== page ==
Teaching Symposium Celebrates Grassroots Classroom Innovation
On November 13, 14 NYU Shanghai faculty members from disciplines spanning arts, humanities, and sciences shared their teaching experiments, breakthroughs, and tips with colleagues in classroom methods symposium Celebrate Teaching.
"Teaching is our number one mission as a university, but we don't get many opportunities to reflect on it,” said Clinical Assistant Professor of Arts and Center for Teaching and Learning Associate Maya Kramer, who organized the event. “Celebrate Teaching is a way to learn about teaching ideas and strategies from other faculty, to reflect on our approach to teaching and inspire one another.”
Celebrate Teaching has been held every semester since Spring 2019, and Kramer says the Center for Teaching and Learning (CTL) hopes to make it a campus tradition. In concurrent 25-minute talks, faculty share their experiences crafting effective assignments, designing engaging course content, and finding favorite tools and resources. The goal is for participants to take away concrete ideas they can integrate into their courses.
“I really enjoy the spirit of the event, which is to share best practices and innovations in teaching with faculty across disciplines,” said Melanie Hackney,Director of World Languages and Clinical Assistant Professor of French. “Celebrate Teaching encourages us to think more holistically about our courses and it allows us to see the creativity and energy of our colleagues, which is very inspiring!”
In her Celebrate Teaching presentation, Hackney illustrated how her course “Expressive Cultures: La Belle Epoque” uses images of the built environment of Paris to build a “collective mind palace.” Inspired by the famous “taste of madeleines” moment from Marcel Proust’s In Search of Lost Time- itself a product of the cultural era Hackney’s course explores – this approach not only immerses students in the context of the course material, but also encourages them to think deeply about how objects anchor our memories and experiences in time and place.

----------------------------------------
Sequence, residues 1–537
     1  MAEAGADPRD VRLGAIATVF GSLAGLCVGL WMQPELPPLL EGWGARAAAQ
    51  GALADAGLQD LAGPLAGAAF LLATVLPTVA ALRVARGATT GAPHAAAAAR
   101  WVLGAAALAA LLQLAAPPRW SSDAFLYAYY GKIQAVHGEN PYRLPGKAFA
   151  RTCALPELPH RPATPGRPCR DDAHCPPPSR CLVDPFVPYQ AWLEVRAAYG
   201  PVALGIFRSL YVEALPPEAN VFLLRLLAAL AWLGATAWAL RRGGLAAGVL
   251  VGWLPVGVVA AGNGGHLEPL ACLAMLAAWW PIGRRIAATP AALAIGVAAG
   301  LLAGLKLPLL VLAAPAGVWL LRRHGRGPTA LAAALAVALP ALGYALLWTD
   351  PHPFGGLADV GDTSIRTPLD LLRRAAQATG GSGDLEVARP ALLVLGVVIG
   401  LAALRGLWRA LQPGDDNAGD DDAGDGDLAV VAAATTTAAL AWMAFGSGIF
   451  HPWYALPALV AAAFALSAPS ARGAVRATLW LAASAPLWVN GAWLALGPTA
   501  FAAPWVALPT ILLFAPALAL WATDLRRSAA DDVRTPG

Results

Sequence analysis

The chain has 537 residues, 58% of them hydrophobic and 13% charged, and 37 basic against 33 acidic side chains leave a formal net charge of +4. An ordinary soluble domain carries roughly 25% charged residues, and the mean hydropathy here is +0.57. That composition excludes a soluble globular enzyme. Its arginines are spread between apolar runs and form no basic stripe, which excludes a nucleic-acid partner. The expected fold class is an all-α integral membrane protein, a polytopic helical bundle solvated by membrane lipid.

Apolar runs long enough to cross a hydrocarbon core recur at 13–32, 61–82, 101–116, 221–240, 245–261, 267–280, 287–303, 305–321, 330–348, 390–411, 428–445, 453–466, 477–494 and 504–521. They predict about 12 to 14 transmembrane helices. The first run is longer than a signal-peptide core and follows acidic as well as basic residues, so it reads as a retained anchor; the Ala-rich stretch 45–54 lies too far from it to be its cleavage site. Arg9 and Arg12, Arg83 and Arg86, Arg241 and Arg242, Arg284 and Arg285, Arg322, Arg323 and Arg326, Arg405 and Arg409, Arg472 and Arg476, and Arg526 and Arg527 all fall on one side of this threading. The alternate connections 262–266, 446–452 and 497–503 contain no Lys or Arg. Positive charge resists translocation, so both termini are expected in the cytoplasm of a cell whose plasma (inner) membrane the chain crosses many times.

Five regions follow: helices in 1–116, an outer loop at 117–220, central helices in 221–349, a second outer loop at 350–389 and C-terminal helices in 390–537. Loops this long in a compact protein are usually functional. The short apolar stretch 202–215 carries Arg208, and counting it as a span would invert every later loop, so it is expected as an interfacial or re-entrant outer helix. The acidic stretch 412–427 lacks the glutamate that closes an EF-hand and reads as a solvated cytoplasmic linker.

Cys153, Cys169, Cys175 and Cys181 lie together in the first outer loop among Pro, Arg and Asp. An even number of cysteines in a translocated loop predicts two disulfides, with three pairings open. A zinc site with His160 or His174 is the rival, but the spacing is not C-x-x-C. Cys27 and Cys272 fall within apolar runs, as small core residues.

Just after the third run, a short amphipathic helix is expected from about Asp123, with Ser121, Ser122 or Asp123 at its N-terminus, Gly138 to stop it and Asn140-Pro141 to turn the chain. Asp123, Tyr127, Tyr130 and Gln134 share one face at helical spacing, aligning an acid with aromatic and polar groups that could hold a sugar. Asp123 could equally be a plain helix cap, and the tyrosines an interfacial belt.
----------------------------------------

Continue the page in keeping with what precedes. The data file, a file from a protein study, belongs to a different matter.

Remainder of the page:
Chancellor Tong Shijun, who attended several Celebrate Teaching presentations, said that seeing so many faculty speak passionately about their teaching methods gave him new perspective on what makes NYU Shanghai such a special institution. “Teaching is not only the other side of learning by students, but it is also based on the learning that professors engage in themselves, including learning in forms like Celebrate Teaching," Tong said.
Hackney illustrates how she uses historical and contemporary images of Paris to help students map the Belle Epoque in real space and in their minds.
This semester’s Celebrate Teaching event was hosted on Zoom to accommodate faculty who remain in other parts of the globe due to continuing travel barriers. Several of the presentations also focused on sharing solutions for the challenges of online and mixed-mode course design. Assistant Professor of Practice in Computer Science Ratan Dey’s presentation focused on his use of Gradescope, an online grading and assessment analytics tool that Dey says has provided him with meaningful insights into students’ learning outcomes.
Dey said he has taken part in four past Celebrate Teaching events and has found them “super useful.” Celebrate Teaching was where he first learned about online teaching tools VoiceThread and Screencastify, which have since become integral to his courses.
“There are so many tools, ideas, strategies, and methodologies to improve our teaching and interactions with students, so it helps to learn what's working and what's not from each other,” Dey said.
Kramer said she is excited to test out ideas from this semester’s Celebrate Teaching presenters, including the photo essay assignment introduced by Clinical Assistant Professor of Global China Studies and Anthropology Leksa Lee.
Lee asks students in her course “Ethnographic Methods” to illustrate what they have learned in field trips around Shanghai through a series of photos and images, pairing each photo with a caption that connects the images to course themes and to broader implications of the course material. “It's a very simple idea, but there are so many ways to implement it - as a research method, as a form of documentation, or as a way to study theory in the real world,” Lee said.
Kramer is also already working with fellow presenter Qian Chunhao, who serves as Community Engaged Learning Coordinator in the Academic Affairs office, to design a narrative drawing project illustrating local community members’ oral histories.
“There's a lot of risk involved in changing some of our habits as teachers, and experimenting with alternatives is sometimes nerve-wracking, so a big part of the process is getting the courage to take those leaps,” Kramer says. Hopefully, Celebrate Teaching can equip faculty with the know-how and support to find the courage to make their teaching truly innovative.